Be Prepared to do More Than One Draft
As an English instructor who has taught refresher courses in grammar, American lit, composition/research, media studies, and journalism, as well as someone who has been a publicist and journalist, there are two bits of advice I can give on the topic on writing.
The first is: Be prepared to do more than one draft. Writing isn’t a sprint; it’s a marathon. It doesn’t matter if it’s a newspaper article, an essay for your psychology class (or any class, for that matter), a screenplay that would make Steven Spielberg green with envy, or “the great American novel,” I guarantee you that you will not get everything right with the first draft.
Even professional authors such as Stephen King and Tom Clancy go through several drafts. Michigan’s own Elmore “Dutch” Leonard (author of Get Shorty, which was made into a movie with John Travolta) writes his novels in longhand on loose-leaf paper. There’s no way an editor would even look at his novel if he didn’t do subsequent drafts (which are eventually rewritten on a computer by his assistant, given Leonard’s anti-technology stance).
In the end, we just see the finished products, which have been polished and revised and rewritten in order to be sold to the general public. We don’t see the blood, sweat, and tears that go into everything. And that’s more the pity.
The purpose of the first draft is to transfer all the raw ideas in your brain onto your computer screen, which is then printed up as a hard copy. Nine out of ten times, that doesn’t happen. The first draft is a rough blueprint that is essential to getting your thoughts down on paper. That’s the first step. The second step is to REVISE, REVISE, REVISE.
There’s plenty of typos and run-on sentences that need to be fixed, not to mention misused words. Are you using text message language, writing “u” instead of “you”? That’s a big problem today as text message language is desecrating the English language.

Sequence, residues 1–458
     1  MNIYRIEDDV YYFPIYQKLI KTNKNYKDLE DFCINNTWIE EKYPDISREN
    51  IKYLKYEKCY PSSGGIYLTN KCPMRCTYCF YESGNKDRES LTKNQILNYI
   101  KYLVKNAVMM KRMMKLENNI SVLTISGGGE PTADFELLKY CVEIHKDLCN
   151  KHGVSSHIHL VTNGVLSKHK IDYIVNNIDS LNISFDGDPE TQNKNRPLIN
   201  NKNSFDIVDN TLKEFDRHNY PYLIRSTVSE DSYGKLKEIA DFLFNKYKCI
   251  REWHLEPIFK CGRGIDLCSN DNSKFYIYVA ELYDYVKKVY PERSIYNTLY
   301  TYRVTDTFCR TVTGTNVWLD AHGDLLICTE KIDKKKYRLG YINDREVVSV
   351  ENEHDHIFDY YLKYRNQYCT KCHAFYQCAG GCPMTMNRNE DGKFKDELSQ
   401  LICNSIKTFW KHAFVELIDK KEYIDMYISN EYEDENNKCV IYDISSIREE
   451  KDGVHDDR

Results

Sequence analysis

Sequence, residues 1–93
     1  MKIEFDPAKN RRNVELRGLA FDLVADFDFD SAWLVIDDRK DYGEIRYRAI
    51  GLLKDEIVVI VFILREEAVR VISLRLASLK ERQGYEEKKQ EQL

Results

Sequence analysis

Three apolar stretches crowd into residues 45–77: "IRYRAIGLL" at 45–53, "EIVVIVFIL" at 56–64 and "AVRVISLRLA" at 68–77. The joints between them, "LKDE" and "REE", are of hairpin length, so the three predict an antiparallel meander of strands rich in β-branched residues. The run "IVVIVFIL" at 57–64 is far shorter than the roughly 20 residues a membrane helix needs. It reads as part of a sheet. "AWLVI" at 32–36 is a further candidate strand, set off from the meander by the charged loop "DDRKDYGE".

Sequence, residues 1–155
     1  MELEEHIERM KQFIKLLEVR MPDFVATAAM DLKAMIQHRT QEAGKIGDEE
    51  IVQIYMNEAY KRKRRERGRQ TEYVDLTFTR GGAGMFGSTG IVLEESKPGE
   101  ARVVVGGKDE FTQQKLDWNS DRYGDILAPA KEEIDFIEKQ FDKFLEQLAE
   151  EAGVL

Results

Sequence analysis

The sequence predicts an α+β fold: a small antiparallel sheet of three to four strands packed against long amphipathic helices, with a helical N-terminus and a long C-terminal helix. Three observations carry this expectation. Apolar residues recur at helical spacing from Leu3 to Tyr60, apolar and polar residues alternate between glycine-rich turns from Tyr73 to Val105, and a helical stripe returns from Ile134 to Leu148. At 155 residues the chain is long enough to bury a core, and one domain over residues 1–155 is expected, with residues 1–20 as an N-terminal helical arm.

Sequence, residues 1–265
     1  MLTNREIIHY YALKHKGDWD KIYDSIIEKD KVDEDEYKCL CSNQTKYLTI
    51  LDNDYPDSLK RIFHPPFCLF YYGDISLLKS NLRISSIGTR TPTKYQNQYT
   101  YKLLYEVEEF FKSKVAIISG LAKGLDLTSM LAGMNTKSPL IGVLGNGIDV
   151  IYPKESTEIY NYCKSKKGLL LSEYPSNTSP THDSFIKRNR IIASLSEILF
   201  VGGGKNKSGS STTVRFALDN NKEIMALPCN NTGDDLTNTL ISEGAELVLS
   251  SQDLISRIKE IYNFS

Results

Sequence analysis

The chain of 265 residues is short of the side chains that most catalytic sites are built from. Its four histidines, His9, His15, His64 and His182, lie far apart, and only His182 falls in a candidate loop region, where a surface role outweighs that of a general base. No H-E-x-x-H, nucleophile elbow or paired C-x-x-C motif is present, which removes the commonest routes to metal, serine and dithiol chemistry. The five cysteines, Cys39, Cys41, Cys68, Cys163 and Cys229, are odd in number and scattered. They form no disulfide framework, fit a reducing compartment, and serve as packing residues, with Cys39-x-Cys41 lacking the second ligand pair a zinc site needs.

And it’s not just the mechanical details that need to be addressed. You also have to consider the bigger picture: Does it flow? Is the writing tight? Are there areas that need to be revised or deleted altogether? Have all the points been addressed that you need to address? Are all the loose ends tied up with a bow? Are they even tied up at all?
Do you feel like you’re writing absolute trash? If you do, it’s only natural to have doubts, according to mystery novelist Harlan Coben, who has been a fixture on The New York Times Bestseller List since 2001. That’s why you revise what you’ve written in a subsequent draft(s).
“Scripts get rejected from Hollywood because people are sending in their first drafts. And when they do, they’re saying, ‘I want to fail,’” said Jim Burnstein, who teaches screen writing at the University of Michigan. He also the screenplays for 1994’s Renaissance Man (starring Danny DeVito) and 1996’s D3: The Mighty Ducks.
He continued, “Learning to write a screenplay isn’t going to help anybody if you don’t teach them how to rewrite, because you can’t sell it with a first draft. You have to write it over and over until you have something worthy of showing.”
And that goes with all forms of writing, not just screenplays and novels. Editors and teachers expect polished copy. I cannot tell you how many students get papers back with red marks because they decided to turn in their first draft.
The second bit of advice for all you aspiring Twains, Shakespeares, Miltons, Austens, Kings, Clancys, Steeles, Grishams, Spielbergs, and Whedons out there comes directly from the above-mentioned Coben in a recent interview with Writer’s Digest: “Amateurs wait for the muse to arrive; the rest of us get to work.”
Words to live by.
Think about that: Coben doesn’t wait until he feels inspired to write. He treats it like a business and writes everyday, even when he doesn’t feel confident about what he’s writing. Doctors don’t operate because they aren’t inspired or “don’t feel it” that day. Writers have to be the same way; it’s your job. And if Coben doesn’t like what he’s written that day, he goes back and cleans it up… in a subsequent draft, not his first draft.
Coben, like so many other professional writers, doesn’t hit the bull’s eye on the first shot. You might take some cold comfort in knowing that even the great Coben doubts himself sometimes – which is why he does subsequent drafts.
And for the record, it took me three drafts and input from my editor to get this article fit for print.